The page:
A section of telecommunication players on Thursday criticized plans to privatize Telkom Kenya Limited terming the move as unwise and saying the Government’s involvement in the company is still required.
Former Permanent Secretary in the Ministry of Information and Communication James Rege said the Government should own at least 51 percent of Telkom in order to ensure that it does not lose the opportunity to influence the cost and access of telecommunication services throughout the country.
“This is what is needed to make the company big so that it can provide business for small operators so that they can roll out internet connectivity services throughout the country,” he added.
Speaking to Capital Business News, Rege said if the company is fully privatized, the Government risks losing about Sh2.8 billion that has been spent to roll out broadband wireless services in rural Kenya.
The establishment of the digital village networks throughout the country seeks to create Information and Communication Technology hubs in principal towns that will be networked within themselves, through which people can access the internet.
“If this happens (the privatization), it will be impossible to offer free internet for schools. There is no private sector that can be able to do that even with development partner funding,” he asserted.
Rege added that contrary to reports that Telkom lacked the professionalism to drive it to profitability, the actual position was that it has the right management needed to improve efficiency.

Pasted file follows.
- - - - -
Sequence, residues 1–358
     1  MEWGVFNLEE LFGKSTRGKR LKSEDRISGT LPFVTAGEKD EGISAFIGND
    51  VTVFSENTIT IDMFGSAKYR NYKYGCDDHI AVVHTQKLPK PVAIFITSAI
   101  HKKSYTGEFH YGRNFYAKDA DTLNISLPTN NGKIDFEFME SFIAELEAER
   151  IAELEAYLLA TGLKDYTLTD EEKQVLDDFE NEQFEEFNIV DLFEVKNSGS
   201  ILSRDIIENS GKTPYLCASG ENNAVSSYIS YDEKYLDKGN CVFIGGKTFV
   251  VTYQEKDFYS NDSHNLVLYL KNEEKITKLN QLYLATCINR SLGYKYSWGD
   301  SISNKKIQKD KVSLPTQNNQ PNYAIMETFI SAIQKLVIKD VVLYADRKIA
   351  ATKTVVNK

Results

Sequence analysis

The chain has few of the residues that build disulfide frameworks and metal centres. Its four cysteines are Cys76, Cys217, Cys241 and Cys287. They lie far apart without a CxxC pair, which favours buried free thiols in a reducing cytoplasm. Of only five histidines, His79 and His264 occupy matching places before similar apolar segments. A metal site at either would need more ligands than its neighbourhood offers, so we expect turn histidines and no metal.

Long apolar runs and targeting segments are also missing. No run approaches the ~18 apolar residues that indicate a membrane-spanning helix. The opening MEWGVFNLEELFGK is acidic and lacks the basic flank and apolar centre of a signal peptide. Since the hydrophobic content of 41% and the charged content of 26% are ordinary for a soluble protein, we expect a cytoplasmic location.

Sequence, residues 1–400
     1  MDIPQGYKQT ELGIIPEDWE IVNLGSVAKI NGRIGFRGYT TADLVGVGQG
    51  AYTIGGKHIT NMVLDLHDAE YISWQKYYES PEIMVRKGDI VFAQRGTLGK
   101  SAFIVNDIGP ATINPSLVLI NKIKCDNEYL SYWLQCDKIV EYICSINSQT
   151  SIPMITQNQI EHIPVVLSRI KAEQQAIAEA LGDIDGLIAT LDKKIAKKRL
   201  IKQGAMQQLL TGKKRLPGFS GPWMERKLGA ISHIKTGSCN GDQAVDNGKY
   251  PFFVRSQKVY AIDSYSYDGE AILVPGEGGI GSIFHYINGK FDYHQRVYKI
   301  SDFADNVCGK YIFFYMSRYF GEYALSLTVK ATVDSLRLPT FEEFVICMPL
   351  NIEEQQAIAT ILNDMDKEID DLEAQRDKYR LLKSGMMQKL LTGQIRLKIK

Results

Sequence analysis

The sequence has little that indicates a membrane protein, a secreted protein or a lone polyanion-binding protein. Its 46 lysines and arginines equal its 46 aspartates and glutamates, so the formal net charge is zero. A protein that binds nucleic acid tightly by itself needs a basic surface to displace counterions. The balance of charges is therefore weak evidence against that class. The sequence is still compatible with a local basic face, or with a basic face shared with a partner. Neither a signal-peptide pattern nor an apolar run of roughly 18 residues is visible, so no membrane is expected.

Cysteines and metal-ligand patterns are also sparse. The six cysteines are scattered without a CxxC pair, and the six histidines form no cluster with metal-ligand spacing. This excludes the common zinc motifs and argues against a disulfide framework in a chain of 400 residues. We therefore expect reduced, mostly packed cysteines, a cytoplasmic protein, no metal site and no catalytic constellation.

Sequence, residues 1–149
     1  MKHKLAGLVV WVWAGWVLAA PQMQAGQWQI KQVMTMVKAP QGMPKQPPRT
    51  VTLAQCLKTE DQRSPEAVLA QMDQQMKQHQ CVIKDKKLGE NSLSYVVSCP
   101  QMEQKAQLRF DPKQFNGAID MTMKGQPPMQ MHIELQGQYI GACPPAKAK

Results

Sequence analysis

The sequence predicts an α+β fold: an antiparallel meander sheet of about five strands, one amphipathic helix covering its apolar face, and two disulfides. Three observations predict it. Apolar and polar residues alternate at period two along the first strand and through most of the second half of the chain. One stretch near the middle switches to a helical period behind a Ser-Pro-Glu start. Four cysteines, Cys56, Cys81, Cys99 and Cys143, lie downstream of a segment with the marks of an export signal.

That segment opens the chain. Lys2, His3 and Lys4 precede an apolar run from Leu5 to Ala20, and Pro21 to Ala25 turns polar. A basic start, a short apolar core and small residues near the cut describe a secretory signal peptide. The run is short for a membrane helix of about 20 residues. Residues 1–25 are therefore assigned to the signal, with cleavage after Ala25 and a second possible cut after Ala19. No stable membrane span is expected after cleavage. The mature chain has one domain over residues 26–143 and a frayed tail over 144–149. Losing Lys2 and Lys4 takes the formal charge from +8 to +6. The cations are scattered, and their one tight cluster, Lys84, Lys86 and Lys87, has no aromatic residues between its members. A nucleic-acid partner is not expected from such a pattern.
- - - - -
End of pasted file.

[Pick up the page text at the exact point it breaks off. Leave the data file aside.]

“The company is making a come back in terms of profits after the recent restructuring,” he noted.
The corporation seeks to retrench about 12,000 employees. The first phase of staff retrenchment was done in May last year at a cost of Sh2.1billion.
As part of the privatization process, the Government plans to offload 26 percent in Telkom to a strategic partner and a further 34 percent to the public.
Elsewhere, Telkom South Africa on Wednesday announced its interest in bidding for the Second National Operator (SNO) license.
Chief Executive Officer of Africa Online John Joseph said this is an opportunity that cannot be ignored in the company’s business pursuits in Kenya.
Telkom South Africa was not among the seven companies that initially bid for the failed initiative to acquire the SNO for the country.
Information Minister Mutahi Kagwe on Wednesday said he was working on new legislation to make the SNO offer more attractive and would be advertising for bidders soon.
His announcement came barely a month after the Government announced plans to shelve the 30 percent shareholding rule to allow strategic partners in the telecommunication sector to look for local partners.
The rule, that required a foreign company investing in the telecommunication sector to allocate a 30 percent share to locals, frustrated potential partners.
It caused problems with local partners in consortiums who failed to meet their financial obligations in paying for their license fees.
In March this year, the Communication Commission of Kenya (CCK) cancelled the award of tender for the SNO after Reliance Communications consortium failed to meet the March 15th deadline to submit their application.
In January, Vtel Holdings also lost its bid to operate Kenya’s second fixed-line phone network after it failed to meet requirements set by CCK.
CCK terminated the offer after a disagreement among Vtel’s partners in Kenya over payment for the license to operate the network.
Source: Capital FM